DEAR ABBY: My husband, "Lance," is making a career change and has been offered a great opportunity. He is very excited about it. Because his experience in this new field is minimal, Lance asked for letters of recommendation from some professionals who are familiar with his work. He was hoping the letters would provide insight into his abilities that his resume lacks at this early stage.
The problem? All three of the letters he has received contain glaring mistakes. They are all from college professors and on letterhead stationery. While they do offer glowing recommendations, one letter omitted an important word in a sentence, another misused a common word, and the third refers to Lance as "Ms."
I told Lance the letters do not reflect negatively on him because he didn't write them. But he thinks they will give the impression he associates with sub-par representatives of the field. He refuses to ask for new letters because he doesn't want to offend the writers by pointing out the errors. Should Lance use these letters? -- STUMPED IN TALLAHASSEE
DEAR STUMPED: What your letter illustrates is how many intelligent, professional people don't bother to proofread what they have written. Your husband should contact the individuals who provided the references and explain that he spotted a typographical error that should be easy to correct. That's not offensive -- it's doing the professors a favor as well as himself because what appears above their signature is a reflection on them and their attention to detail.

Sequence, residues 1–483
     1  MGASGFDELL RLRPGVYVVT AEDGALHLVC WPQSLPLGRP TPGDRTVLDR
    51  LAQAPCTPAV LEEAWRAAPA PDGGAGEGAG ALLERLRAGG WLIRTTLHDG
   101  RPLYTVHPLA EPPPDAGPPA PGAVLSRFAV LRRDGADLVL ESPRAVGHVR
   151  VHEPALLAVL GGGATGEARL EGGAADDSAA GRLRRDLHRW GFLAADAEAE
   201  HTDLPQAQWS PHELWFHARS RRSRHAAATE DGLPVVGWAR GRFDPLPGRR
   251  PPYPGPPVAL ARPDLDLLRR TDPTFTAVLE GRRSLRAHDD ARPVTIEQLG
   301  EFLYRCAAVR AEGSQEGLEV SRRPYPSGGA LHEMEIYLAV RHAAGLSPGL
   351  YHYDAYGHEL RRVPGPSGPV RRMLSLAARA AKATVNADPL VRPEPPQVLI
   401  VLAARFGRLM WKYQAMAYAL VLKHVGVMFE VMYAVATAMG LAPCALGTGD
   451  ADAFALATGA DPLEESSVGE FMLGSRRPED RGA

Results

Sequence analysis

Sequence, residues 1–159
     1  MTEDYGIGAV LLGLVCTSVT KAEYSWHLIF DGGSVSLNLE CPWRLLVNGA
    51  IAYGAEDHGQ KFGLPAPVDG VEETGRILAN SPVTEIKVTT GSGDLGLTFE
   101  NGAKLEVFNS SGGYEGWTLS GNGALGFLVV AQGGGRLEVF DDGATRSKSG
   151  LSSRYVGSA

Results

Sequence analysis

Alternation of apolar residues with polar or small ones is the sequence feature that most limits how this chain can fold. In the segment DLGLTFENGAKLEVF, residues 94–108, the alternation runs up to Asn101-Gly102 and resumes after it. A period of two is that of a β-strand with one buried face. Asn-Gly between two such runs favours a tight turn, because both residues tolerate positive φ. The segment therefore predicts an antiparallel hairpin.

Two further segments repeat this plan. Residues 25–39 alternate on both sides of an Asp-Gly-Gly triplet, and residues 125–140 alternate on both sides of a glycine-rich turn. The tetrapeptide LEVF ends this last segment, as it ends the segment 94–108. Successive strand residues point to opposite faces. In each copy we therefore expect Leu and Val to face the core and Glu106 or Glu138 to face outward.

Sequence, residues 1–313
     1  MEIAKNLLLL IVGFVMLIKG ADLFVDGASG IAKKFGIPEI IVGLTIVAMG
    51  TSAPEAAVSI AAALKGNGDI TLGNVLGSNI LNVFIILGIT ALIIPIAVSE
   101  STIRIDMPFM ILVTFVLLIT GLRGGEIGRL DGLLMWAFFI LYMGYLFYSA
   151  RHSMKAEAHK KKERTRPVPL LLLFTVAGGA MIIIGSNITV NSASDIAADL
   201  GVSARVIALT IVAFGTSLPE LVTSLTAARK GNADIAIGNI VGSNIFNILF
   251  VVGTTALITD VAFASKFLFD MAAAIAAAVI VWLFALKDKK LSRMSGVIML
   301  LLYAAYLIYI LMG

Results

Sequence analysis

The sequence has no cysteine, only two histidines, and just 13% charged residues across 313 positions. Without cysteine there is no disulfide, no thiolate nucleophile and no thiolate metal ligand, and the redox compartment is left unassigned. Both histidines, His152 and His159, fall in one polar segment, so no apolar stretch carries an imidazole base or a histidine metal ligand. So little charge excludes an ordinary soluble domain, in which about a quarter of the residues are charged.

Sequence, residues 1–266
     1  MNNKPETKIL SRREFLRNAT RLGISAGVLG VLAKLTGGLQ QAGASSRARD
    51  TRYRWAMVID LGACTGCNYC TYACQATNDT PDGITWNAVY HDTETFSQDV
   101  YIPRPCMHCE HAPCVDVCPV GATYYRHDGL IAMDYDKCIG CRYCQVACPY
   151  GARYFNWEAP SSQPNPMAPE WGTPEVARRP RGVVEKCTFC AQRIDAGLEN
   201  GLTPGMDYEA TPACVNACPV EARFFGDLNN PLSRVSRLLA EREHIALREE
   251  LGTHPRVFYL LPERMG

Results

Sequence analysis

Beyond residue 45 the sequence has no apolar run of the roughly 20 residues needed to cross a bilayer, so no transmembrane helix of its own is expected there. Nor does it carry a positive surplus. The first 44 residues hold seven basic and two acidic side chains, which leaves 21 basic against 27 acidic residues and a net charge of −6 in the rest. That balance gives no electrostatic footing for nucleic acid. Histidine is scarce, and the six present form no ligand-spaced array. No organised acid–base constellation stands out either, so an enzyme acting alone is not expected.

DEAR ABBY: I am a mother and a stepmother and have several grandchildren. I have been the "family photographer" at all our events and holiday celebrations. Looking through our 35 years of photographs, you will rarely find me in one. I was always there -- but behind the camera.
I'd like to remind your readers that if they're at a gathering and see someone taking family photos, to please offer to use their camera to take a group picture that includes the photographer. It will be one of the few photos in their albums they actually appear in. And they'll be thankful for your thoughtfulness for years to come. -- INVISIBLE GRANDMA IN LAWRENCE, MASS.
DEAR INVISIBLE GRANDMA: With the holidays approaching, I'm pleased to print your suggestion. However, at large gatherings these days, there is bound to be someone in the group who has a camera -- or a cell phone -- with a timer so that everyone present (including the photographer) can appear in the picture.
DEAR ABBY: I recently went to a sporting goods store to buy new golf shoes. I had a $25-off coupon to be used on any apparel sold in the store.
When I presented the coupon, the store manager informed me that shoes are not considered "apparel" and he would not honor the discount! Aren't shoes considered to be apparel? -- BAREFOOT IN MIAMISBURG, OHIO
DEAR BAREFOOT: Yes, they are. And if there were any exclusions, they should have been mentioned on the coupon.
To order "How to Write Letters for All Occasions," send a business-sized, self-addressed envelope, plus check or money order for $6 (U.S. funds) to: Dear Abby -- Letter Booklet, P.O. Box 447, Mount Morris, IL 61054-0447. (Postage is included in the price.)